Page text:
We have three kids now, and our Christmas traditions have evolved over the years. Some years we go to my in-lawsâ house and have a big dinner with family, and some years we stay home and order Chinese food. There’s no talk of Jesus or Santa, but there are presents and laughter and music and it’s never lonely.
It feels sometimes like I’ve copped outâgiven in to the assimilation that my mother was so fearful of. And, perhaps I have. But, the truth is my kids live in America and have a father who isnât Jewish. Christmas is not some alien cultural phenomenon that they have to adapt to; it is an integral part of their world, their heritage. Celebrating Christmas is not so much assimilation as it is acknowledgment of the many components of themselves.
I feel confident in the strong Jewish roots I have given my children. They’ve whispered prayers into the Western Wall in Jerusalem, they’ve learned the aleph, bet and stories of Jacob and Isaac in Hebrew School, they’ve helped me clean the house of chametz on Passover and light the menorah on Hanukkah.
My kids are Jewishâand, if one day they chose to take a different path, it won’t be because they enjoyed a joyful night with family at the end of December.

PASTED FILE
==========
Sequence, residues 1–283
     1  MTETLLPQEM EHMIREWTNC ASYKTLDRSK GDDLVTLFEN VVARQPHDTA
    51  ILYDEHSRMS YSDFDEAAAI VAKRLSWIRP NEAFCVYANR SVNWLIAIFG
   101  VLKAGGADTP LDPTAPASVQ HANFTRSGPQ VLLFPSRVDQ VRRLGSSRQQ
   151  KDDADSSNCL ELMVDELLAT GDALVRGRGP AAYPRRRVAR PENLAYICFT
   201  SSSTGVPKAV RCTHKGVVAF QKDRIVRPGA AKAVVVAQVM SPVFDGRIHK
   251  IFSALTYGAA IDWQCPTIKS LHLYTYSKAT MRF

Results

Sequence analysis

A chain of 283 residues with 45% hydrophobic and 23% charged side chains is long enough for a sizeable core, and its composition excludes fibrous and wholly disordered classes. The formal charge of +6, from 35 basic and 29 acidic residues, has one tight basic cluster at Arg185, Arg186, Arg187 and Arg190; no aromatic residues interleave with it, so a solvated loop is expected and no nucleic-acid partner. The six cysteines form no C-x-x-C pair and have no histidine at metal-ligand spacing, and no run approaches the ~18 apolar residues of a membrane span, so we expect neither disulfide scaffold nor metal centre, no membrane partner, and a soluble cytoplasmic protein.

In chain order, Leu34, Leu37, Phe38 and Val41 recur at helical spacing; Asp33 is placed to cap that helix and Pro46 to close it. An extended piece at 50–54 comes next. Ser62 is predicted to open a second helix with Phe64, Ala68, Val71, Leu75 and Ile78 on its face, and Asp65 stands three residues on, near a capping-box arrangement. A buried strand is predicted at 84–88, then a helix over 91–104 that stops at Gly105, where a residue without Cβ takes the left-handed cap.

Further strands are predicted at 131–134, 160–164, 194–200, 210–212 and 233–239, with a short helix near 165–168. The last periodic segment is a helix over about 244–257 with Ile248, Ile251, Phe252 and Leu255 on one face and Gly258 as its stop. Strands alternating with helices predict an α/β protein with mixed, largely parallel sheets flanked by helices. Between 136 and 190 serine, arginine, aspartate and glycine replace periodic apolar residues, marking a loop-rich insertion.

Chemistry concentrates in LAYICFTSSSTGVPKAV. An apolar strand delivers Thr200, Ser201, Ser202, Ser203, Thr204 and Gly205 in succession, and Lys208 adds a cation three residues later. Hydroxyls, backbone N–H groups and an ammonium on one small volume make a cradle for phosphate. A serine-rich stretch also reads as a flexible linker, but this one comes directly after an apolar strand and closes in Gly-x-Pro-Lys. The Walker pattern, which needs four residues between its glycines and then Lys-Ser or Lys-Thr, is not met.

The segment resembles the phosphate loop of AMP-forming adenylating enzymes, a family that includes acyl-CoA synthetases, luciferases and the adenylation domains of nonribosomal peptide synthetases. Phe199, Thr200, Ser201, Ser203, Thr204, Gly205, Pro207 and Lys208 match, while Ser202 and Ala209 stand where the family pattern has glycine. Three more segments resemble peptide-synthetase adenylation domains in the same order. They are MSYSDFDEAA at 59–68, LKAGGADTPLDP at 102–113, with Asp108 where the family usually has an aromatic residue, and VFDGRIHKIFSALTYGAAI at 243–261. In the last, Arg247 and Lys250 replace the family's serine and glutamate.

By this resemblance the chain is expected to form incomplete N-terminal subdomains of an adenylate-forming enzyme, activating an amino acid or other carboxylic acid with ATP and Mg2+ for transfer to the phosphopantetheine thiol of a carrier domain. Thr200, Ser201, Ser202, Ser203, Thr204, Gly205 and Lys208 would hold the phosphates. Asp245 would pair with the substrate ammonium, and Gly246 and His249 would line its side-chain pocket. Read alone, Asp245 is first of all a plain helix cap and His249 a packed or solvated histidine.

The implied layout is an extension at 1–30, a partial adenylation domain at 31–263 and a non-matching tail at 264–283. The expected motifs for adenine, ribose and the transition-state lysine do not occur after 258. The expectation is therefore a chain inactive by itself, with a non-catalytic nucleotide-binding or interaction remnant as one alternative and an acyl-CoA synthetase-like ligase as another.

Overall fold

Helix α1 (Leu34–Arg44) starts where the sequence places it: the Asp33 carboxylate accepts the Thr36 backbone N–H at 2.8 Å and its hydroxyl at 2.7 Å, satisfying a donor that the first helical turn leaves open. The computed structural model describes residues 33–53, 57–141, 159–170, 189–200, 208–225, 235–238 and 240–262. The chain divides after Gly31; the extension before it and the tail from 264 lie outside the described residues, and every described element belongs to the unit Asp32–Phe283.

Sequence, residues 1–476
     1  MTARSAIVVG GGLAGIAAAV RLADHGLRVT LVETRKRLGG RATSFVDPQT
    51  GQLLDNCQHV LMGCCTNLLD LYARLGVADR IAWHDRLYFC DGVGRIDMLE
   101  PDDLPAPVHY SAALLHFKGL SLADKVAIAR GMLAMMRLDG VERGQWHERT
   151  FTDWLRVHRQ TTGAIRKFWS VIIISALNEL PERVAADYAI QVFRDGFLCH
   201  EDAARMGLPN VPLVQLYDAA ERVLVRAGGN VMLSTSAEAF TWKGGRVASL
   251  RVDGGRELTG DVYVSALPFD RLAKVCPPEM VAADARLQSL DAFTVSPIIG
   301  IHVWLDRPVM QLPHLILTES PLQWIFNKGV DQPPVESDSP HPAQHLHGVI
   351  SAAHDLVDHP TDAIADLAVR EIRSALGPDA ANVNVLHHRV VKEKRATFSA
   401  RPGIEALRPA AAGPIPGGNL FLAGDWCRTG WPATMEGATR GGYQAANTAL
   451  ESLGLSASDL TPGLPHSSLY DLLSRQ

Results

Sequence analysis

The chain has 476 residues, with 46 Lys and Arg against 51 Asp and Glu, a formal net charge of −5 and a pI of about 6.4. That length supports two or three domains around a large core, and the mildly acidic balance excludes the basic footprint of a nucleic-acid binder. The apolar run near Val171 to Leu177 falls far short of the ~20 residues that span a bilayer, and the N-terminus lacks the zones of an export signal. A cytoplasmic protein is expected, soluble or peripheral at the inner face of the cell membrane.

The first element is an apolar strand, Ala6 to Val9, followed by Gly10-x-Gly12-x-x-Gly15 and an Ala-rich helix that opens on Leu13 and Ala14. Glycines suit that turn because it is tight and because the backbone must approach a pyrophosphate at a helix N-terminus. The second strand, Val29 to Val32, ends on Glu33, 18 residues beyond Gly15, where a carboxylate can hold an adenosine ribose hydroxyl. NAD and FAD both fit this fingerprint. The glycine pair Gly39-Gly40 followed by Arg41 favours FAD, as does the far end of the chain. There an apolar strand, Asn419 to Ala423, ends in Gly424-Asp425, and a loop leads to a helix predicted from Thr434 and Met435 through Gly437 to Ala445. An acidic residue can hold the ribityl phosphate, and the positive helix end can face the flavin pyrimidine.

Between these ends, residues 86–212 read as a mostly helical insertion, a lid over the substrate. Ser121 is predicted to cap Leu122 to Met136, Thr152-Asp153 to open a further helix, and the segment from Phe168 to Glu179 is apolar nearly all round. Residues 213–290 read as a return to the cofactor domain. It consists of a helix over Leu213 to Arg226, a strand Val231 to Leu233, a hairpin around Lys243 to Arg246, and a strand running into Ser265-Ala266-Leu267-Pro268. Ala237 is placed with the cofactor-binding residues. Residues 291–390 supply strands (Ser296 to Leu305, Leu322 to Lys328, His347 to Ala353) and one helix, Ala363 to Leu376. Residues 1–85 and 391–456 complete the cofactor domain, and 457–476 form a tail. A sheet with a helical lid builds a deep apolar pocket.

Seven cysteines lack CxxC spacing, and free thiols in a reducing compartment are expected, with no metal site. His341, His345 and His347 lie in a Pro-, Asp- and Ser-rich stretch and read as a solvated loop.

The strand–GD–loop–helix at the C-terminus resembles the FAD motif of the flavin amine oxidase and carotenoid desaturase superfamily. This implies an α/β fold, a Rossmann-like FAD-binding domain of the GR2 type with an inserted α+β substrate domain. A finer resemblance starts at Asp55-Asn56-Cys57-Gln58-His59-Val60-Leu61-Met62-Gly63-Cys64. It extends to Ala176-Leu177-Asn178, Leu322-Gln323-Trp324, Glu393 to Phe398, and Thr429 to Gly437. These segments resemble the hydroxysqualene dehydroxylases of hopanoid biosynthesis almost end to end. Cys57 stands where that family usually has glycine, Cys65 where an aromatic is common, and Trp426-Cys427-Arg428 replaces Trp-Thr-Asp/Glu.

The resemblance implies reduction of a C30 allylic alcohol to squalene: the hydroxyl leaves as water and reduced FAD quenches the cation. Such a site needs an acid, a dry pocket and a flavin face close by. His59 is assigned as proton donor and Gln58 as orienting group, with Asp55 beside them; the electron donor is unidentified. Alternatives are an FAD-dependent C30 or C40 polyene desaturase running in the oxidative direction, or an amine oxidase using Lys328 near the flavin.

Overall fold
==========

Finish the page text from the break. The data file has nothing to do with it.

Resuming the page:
Lela Casey is a mother of three children living in Bucks County, PA. Being raised by a fiery Israeli mother and a gentle farmer in the middle of nowhere lent her a unique perspective on Judaism.Â She holds degrees from both Penn State University and Rhode Island College. You can find her work on many websites including kveller.com, pjlibrary.com, elephantjournal.com, brainchildmag.com and femininecollective.com.
By Stefani Wiemann
The holiday season is upon us. Christmas music plays in restaurants, Christmas trees are displayed in stores and Santa Clause can be seen in malls. Even as a Jewish mother, I love all of this stuff.Â I love the holiday season, including all of the decorations, the music and gift-giving madness.
Unfortunately, we have faced some challenging situations at our childrenâs preschool during this time of year. For example, they have Santa visit the preschool each year in December, which, as a family that identifies as Jewish, we are not comfortable with. They also have a Christmas singalong performance, which they conveniently call a Holiday singalong anytime they are talking to me, but call it a Christmas singalong on their newsletter, calendar and website.